Does every person have oncogenes?
According to the present global statistics, every 1 in 100 people suffers and dies from cancer. Every year, 1 out of 5 people that die is taken by cancer. In the coming 20 years the situation is not likely to change, thus we should prepare and learn how to fight it.
Oncogenes are split into viral and cellular, these two have the potential to induce malignant transformation of cell characteristics. Under normal circumstances, there will be no viral oncogene activity; once the viral oncogenes receive impact of the radiation, or are affected by chemical carcinogens, they will wholly or partly cause activation-induced tumorigenesis. And cellular oncogenes – oncogenes present in regular cells – will be then turned into tumor-causing cellular oncogenes, e.g. EGFR, K-RAS, B-RAF, C-KIT, etc. It is presently confirmed that ray radiation, chemical carcinogens and viral infections can lead to activation of oncogenes. Several activation modes are:
- Point mutation
- Gain exogenous promoters
- Reduction of methylation level
- Increased oncogene copy number
- Gene translocation or rearrangement
The cellular oncogenes discovered up to now are closely related to normal cell growth and proliferation, differentiation and apoptosis and the very conservative “housekeeping genes.” Their expression products can be: growth factors, growth factor receptors, G protein or small molecule, protein kinases, transcription factors, or, in short, they are the key molecules in various signal transduction pathways, focused on physiological functions.
Now, what about the tumor suppressor genes?
Scientists have discovered the existence of tumor suppressor genes. They are present in a class of genes that inhibit cell growth in normal cells, also owing a potential tumor suppressor role. When this type of gene mutates, is deleted or inactivated, this can cause malignant transformation of cells and lead to tumorigenesis, such as tp53, pten, etc.
Oncogenes – a storyline as old as the history of multicellular organisms.
Now that we understand the non-negotiable existence of oncogenes in human cells, a new question arises – how can we predict when the oncogenes are going to start causing trouble? Recently, scientists have found some evidence that cancer genes, genes that cause tumor formation, can be traced back to the earliest true metazoans.
Therefore we can say that oncogenes and tumor suppressor genes have always existed in the human body. However, cell carcinogenesis is definitely not the only function of cellular oncogenes. In the normally functioning cells, some of the tasks that the cellular oncogenes are busy with are: the protein products of the oncogenes are involved in normal cell growth, differentiation and multiplication. It would be most precise to say that the normal cellular oncogenes help with the normal physiological cellular functions, but under certain conditions it will cause the appearance of cancerous cell genes. In addition, strong evidence that speaks about the normal functioning of the oncogenes is the discovery of its conservative existence in yeast, fruit flies, mice and human genomes.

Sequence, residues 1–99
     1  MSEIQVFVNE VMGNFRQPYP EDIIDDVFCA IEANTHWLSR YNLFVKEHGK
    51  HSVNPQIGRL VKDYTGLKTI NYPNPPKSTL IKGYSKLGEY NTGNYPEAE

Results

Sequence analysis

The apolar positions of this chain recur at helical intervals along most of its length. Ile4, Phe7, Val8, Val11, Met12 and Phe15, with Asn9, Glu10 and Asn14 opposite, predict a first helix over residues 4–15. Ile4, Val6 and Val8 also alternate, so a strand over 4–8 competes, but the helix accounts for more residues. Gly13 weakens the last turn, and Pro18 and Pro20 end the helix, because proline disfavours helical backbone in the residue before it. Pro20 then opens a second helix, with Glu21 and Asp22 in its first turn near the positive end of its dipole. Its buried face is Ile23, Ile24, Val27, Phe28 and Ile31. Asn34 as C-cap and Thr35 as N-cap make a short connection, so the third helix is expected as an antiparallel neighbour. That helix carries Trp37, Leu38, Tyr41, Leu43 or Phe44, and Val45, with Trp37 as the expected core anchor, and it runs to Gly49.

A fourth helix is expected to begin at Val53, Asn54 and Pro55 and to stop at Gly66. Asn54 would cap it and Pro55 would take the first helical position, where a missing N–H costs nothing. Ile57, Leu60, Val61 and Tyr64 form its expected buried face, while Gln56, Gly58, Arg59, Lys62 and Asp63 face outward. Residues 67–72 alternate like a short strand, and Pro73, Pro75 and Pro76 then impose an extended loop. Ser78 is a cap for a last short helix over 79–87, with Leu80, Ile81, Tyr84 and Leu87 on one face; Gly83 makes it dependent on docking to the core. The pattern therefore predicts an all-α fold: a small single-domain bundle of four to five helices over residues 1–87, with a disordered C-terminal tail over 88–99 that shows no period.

So, what are those ‘certain conditions’ that cause cancer development?
Proto-oncogenes are activated by three major factors: physical (most often ionizing radiation or ultraviolet radiation), chemical (aflatoxin, nitrites) and biological (e.g. HPV causing cervical cancer). Normally, once proto-oncogenes are activated, intracellular oncogene p53 would immediately lead to de-activation of proto-oncogenes. In case of P53 gene damage, we will not be immediately facing death, because our immune systems are subject to monitoring the state of the body cells: once cancer cells are found, the immune system immediately starts to promote cancer cell lysis. Therefore, we can conclude that three conditions are necessary for the appearance of cancer: 1. exposure to carcinogenic factors causing oncogene activation; 2. Unsatisfactory functioning of tumor suppressor genes; 3. The immune system monitoring function defects. Thus, to prevent cancer, it is crucial to avoid contact with carcinogenic factors, ensure adequate nutrition, diligent exercise routine and enhance the body immunity.
Detection of oncogenes and curing rate.
If cancer is detected early, the cure rate is high. Currently, more than 100 of cancer genes and tumor suppressor genes have been found. Following in-depth studies of oncogenes, a variety of methods for detection of gene and cancer oncogene products, namely, the Southern blot, PCR, in situ hybridization, ELISA and immunohistochemistry technology, have been used in clinical diagnosis.
Tomislav Domazet-Lošo, Alexander Klimovich, Boris Anokhin, Friederike Anton-Erxleben, Mailin J. Hamm, Christina Lange, Thomas C.G. Bosch. Naturally occurring tumours in the basal metazoan Hydra. Nature Communications, 2014; 5 DOI: 10.1038/ncomms5222
BERNARD W. STEWART and CHRISTOPHER P. WILD. World Cancer Report 2014. WHO